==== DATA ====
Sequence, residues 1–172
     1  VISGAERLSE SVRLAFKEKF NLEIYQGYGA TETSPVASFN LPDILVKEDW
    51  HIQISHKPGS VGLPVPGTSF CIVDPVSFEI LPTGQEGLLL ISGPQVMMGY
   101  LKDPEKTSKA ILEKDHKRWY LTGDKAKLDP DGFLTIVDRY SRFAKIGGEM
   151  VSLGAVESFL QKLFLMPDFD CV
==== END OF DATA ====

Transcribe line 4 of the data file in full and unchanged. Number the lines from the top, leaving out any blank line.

   101  LKDPEKTSKA ILEKDHKRWY LTGDKAKLDP DGFLTIVDRY SRFAKIGGEM